FORMER president Robert Mugabe could make a sensational return to Zanu-PF – one-and-a-half years after the frail nonagenarian was swept from power by a military coup – if the party’s overtures to him yield positive results, the Daily News can report.
This comes as President Emmerson Mnangagwa is reaching out to many of his erstwhile Zanu-PF comrades-turned-political rivals – whose relationship with him was destroyed at the height of the ruling party’s deadly factional and succession wars a few years ago.
Among the expelled Zanu-PF members who have since been re-admitted back into the party as a result of this new initiative to reunite the former liberation movement are former senior Cabinet minister and party secretary for administration, Didymus Mutasa, and retired securocrat Ambrose Mutinhiri – who briefly led Mugabe’s failed political project, the National Patriotic Front (NPF) last year.
Now, Mutasa wants his former boss – who ironically engineered his expulsion from the ruling party together with several other bigwigs who included former vice president Joice Mujuru in 2014 – to be considered for a fresh accommodation within Zanu-PF.
Mutasa, who praised Mnangagwa effusively and also described him in an exclusive interview with the Daily News yesterday as “a refreshing president”, said it was inconceivable that Mugabe’s name could be erased from the annals of the party and the country’s history.
“When we gained independence, we were talking about the establishment of a one party state … but that did not fit with the democracy of the Western world. “Now we should do everything we can to bring everyone back in the party, including him (Mugabe). He worked for Zanu-PF more than anyone else, and I don’t think there is anyone who can dispute that.
“He should therefore be brought back into the party,” Mutasa said.
Asked if the olive branch to Mugabe should also be extended to other former senior Zanu-PF officials such as former party national political commissar Saviour Kasukuwere and politburo member Jonathan Moyo – who were banished from the party following the November 2017 coup – Mutasa was guarded, saying every situation was different.
“For now I am just a card carrying member. But I think by now Zanu-PF should have developed into the undisputed main party in this country, as we have seen elsewhere. “I think from what we have seen so far from Mnangagwa, he wants everyone involved.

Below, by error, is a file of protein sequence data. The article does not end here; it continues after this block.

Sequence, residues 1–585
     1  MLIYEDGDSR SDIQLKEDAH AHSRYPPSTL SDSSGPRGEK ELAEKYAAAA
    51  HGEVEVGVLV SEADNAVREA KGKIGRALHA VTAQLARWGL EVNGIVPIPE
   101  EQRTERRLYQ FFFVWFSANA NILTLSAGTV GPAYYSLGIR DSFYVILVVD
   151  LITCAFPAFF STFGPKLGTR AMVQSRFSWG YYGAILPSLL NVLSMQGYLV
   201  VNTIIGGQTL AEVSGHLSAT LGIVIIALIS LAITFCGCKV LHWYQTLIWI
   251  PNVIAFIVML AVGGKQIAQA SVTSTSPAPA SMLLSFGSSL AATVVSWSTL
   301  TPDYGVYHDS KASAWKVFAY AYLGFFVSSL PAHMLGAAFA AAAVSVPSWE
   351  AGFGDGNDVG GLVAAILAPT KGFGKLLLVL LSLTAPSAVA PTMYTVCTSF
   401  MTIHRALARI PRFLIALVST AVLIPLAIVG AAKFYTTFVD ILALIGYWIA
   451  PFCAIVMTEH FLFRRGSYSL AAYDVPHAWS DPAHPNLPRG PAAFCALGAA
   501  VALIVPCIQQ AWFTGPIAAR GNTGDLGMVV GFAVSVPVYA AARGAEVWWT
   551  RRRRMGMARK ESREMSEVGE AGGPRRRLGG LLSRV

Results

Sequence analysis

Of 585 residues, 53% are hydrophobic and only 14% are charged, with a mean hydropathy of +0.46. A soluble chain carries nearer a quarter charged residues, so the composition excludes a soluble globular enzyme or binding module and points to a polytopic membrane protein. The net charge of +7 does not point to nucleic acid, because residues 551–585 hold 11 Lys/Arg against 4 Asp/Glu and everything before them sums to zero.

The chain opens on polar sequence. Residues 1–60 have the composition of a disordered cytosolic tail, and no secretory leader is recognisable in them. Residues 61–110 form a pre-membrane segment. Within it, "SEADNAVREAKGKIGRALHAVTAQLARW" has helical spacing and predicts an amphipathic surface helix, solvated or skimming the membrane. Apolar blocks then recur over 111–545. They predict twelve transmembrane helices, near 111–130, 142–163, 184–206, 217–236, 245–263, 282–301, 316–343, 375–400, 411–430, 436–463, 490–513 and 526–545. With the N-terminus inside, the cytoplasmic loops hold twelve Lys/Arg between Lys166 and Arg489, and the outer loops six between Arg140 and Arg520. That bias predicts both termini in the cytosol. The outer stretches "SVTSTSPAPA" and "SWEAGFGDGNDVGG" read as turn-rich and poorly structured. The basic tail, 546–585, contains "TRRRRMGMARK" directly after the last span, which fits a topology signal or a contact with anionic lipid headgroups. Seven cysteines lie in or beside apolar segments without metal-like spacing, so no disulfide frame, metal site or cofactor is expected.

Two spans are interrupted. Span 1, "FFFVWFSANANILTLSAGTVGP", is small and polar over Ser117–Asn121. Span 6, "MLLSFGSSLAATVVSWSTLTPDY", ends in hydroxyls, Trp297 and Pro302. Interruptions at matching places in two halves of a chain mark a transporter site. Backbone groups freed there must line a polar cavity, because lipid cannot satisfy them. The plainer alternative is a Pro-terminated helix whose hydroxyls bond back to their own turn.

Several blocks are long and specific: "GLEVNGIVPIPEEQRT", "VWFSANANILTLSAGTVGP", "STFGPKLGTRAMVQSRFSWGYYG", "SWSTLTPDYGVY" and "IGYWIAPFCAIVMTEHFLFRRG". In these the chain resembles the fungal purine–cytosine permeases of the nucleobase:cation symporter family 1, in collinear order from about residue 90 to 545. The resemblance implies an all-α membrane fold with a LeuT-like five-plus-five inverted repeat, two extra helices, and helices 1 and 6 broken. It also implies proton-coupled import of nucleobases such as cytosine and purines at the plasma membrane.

“If you look at other countries like Tanzania, they have arranged themselves very well, especially their ruling party, and that is what we want to see in our party,” Mutasa said. Mugabe, who was ousted from power via a military coup in November 2017, has been having a love-hate relationship with Mnangagwa ever since.
The increasingly frail nonagenarian surprised many people in February this year when he chose the occasion of his 95th birthday celebrations to stick the boot into Mnangagwa – whom he described as “cruel and rogue”.
Mugabe’s rant against Mnangagwa caught many by surprise as he was lately seen to be now tolerant of the country’s ‘‘new dispensation” – even going to the extent, at some point, of praising his successor for “helping” his family. His stinging criticism of Mnangagwa, which came in the wake of government’s heavy-handed response to January’s riots, provoked angry responses from Zanu-PF officials who called for tough action against the nonagenarian, while also bemoaning the fact that he was being treated like a “little god” by his successor.
The officials from the ruling party’s youth and women’s leagues said as Mugabe was “unrepentant”, he did not deserve “the respect” that he was being accorded by Mnangagwa and the government.
Turning to his own re-admission into Zanu-PF, Mutasa said Mnangagwa had had nothing to do with his political troubles, which had kept him in the political wilderness for nearly five years.
“Everyone wants to blame Mnangagwa for every misfortune, but my problems are mine and mine alone. They are not the reason why I have rejoined Zanu-PF. I always said that I would one day join Zanu-PF.
“I just wanted to come back home and help my party as a card carrying member. I have spoken to the president before and all is well. This is not the time for blaming anyone, but to build the nation,” Mutasa said.
The veteran politician also said he knew Mnangagwa “sufficiently well” and was surprised by “unfounded” comments people make about the president. “We went to the war front almost the same time (with Mnangagwa) in 1977. I shared prison with him, but he was not as close to me as was Mugabe, Malianga and Edgar Tekere.
“However, I know him sufficiently. If I am asked to walk with him as was the case around independence, there is nothing to be feared,” Mutasa said. “If you discuss things and ask him to do something, he will do it properly. But because there is a lot of distrust unotofamba wakabata bakatwa rako (you move with your own dagger ready).
“There is a lot of fear around Mnangagwa that people talk about, but myself I have never seen it.
“I was with him during the war and we came together, lived together and worked together. But of course, I had my own dagger just in case,” Mutasa added amid roaring laughter.
Mutasa, who turns a mature 84 in July this year, was sensationally sacked in the run-up to the hotly disputed December 2014 congress together with other Zanu-PF bigwigs who included Mujuru and former party spokesperson Rugare Gumbo – on untested allegations of wanting to topple Mugabe.
He was part of the former Zanu-PF bigwigs who formed the Zimbabwe People First – which was initially led by Mujuru before she quit the then fledgling party in a huff after falling out with Mutasa and Gumbo.
Mujuru, who has denied that she intends to rejoin Zanu-PF, is the current leader of the National People’s Party (NPP) which performed dismally in last year historic national elections.